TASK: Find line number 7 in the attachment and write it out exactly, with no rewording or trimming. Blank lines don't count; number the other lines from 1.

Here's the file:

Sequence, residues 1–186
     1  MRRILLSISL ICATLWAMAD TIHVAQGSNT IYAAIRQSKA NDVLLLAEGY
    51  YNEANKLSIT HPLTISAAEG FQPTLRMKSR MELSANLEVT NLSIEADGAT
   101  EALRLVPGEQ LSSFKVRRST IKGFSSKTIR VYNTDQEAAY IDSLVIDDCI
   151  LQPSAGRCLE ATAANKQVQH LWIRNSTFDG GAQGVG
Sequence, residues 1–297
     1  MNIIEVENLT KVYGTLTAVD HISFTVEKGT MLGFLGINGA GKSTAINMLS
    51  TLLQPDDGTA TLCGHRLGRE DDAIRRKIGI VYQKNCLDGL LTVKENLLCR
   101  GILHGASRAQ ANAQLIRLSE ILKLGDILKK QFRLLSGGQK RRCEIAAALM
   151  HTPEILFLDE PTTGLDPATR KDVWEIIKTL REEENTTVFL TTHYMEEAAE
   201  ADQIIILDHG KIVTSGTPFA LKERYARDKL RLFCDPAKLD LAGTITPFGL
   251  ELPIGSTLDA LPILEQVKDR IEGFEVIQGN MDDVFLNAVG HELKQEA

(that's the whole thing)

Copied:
     1  MNIIEVENLT KVYGTLTAVD HISFTVEKGT MLGFLGINGA GKSTAINMLS